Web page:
A Mouse Infestation In Your House: Health Risks

Did you know that a house mouse is able to walk on a thin wire or squeeze itself through an opening or crack that is no wider than a ballpoint pen? It doesn’t take a very big opening before the mice find a way into our homes.

These nimble rodents like to build small nests in cozy, dark spaces  – kitchens, garages, and attics are favorite nesting spaces.  And they live in groups, breeding quickly which can lead to an unfortunate mouse infestation if they decide to make your house their new home.

What Are Some Signs Of A Mouse Infestation?

Homeowners learn that they have been infested by mice in different ways.

  • A mouse might run across the living room floor, just as the family is settling in to watch a favorite TV show.
  • In the quiet of the night, small rodents might be heard running inside a wall or above the ceiling.
  • It could be that food packages, like cardboard cereal packages, suddenly have small marks on them from being chewed.
  • Or they may notice that droppings appear in a cupboard corner or even worse, on the kitchen counter.

A true mouse infestation, however, is when you discover the mice have been breeding in your house. Once they have started to reproduce you no longer have just a mouse problem, you have a full-blown infestation.

Could it be that you have only a mouse or two in your home?

Homeowners commonly believe that having one or two mice running around the attic at night is not an urgent problem. Consider this: a female mouse might give birth to up to 10 litters a year, each containing up to 6 mice. One or two mice multiply quite quickly into 50 or 60 mice: it is wise to act upon the first signs of a mouse infestation. Even one mouse would be problematic, as it is capable of leaving 9,000 droppings in one year.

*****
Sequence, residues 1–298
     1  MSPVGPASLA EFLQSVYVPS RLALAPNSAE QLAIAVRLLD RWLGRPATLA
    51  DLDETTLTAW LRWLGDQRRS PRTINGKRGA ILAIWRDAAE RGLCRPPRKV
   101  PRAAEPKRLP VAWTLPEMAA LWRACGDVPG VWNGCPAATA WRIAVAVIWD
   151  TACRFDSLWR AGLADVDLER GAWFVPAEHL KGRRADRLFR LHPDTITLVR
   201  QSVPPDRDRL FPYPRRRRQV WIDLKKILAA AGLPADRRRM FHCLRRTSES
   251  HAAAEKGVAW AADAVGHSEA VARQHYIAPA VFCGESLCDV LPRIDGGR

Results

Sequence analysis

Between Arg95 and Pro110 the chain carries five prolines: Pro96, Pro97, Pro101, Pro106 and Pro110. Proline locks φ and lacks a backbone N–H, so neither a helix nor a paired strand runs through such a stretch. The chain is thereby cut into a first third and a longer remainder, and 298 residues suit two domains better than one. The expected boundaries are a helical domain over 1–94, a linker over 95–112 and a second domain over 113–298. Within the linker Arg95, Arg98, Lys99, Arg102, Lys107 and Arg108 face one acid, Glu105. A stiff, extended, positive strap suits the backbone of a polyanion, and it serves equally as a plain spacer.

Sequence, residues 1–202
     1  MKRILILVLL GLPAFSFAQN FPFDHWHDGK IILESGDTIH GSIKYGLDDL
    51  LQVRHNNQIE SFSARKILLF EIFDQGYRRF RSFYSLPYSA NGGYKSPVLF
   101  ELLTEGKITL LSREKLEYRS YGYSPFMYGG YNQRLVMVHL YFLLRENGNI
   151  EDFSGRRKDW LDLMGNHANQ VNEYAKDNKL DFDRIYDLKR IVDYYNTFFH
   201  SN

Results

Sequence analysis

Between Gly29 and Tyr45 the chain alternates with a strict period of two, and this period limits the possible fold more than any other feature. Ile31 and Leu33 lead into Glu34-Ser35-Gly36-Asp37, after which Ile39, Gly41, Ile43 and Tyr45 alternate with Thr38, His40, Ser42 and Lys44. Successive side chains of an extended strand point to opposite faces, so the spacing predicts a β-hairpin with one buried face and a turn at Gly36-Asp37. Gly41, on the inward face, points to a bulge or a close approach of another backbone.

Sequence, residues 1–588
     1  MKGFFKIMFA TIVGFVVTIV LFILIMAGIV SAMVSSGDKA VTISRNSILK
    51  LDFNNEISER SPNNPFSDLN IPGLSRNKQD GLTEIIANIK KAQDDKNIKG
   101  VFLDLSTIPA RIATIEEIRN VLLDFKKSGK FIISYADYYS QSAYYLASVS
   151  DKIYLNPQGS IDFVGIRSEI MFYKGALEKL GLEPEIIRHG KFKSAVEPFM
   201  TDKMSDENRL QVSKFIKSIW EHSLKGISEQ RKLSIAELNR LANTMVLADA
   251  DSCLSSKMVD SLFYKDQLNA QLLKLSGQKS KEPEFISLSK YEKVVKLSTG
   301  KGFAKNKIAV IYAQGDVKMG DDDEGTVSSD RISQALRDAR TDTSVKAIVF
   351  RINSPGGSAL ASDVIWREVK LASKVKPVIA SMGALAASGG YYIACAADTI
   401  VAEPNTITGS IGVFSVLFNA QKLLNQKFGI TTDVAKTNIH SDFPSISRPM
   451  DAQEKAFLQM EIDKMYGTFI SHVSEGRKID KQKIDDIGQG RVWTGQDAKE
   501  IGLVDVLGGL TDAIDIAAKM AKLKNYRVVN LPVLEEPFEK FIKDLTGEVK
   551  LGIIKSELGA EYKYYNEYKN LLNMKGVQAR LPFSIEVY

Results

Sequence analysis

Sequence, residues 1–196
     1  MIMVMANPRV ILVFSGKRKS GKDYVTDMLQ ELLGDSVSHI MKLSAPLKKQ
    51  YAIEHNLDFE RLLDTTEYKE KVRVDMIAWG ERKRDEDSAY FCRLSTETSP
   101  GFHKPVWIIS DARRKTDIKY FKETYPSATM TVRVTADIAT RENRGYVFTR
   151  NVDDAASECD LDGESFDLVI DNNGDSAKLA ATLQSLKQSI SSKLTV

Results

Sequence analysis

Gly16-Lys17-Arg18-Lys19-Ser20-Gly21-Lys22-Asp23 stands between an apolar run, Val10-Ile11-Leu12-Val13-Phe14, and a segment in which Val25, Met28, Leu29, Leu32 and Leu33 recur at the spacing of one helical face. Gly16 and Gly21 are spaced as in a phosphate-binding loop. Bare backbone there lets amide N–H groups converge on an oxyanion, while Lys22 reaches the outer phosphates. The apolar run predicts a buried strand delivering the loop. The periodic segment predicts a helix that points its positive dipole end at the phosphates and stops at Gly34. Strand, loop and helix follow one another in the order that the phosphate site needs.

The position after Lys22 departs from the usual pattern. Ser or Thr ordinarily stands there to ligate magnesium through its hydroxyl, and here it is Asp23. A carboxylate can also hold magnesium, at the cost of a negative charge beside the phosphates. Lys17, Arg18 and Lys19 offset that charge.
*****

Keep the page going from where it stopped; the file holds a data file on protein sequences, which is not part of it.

What are the health risks associated with a mouse infestation?

Mice are carriers of bacteria, diseases, parasites, and viruses. If your house has become infested by mice, the mice are leaving patches of their urine behind them, perhaps on a coffee mug in a kitchen cupboard or on a wooden cutting board on the counter.

According to the Centers for Disease Control and Prevention, human beings can contract Lymphocytic choriomeningitis (LCM) from breathing in dust that has been polluted with house mouse droppings or urine.  LCM is a viral infection with symptoms that mimic the symptoms of many other illnesses:  fever, lack of appetite, headaches, and nausea.  If left untreated, LCM can cause neurological disease – which means it will affect your brain.  About 5% of mice carry this disease. While not a high number, are you willing to take that risk?

Is it a property risk to have mice living in your home?

A mouse can walk on a wire as if it were a tightrope; it can also chew through a wire. Unfortunately, a wire that has been chewed through can cause a fire. Squirrels and other rodents will also chew through wires in your home, creating a risk of fire. A professional exterminator will assess your home for damages due to your mice infestation; it is crucial that you have any damaged wires fixed immediately.

For Macomb County Mice Removal Experts, please call CMC Animal Control at (248) 904-5162.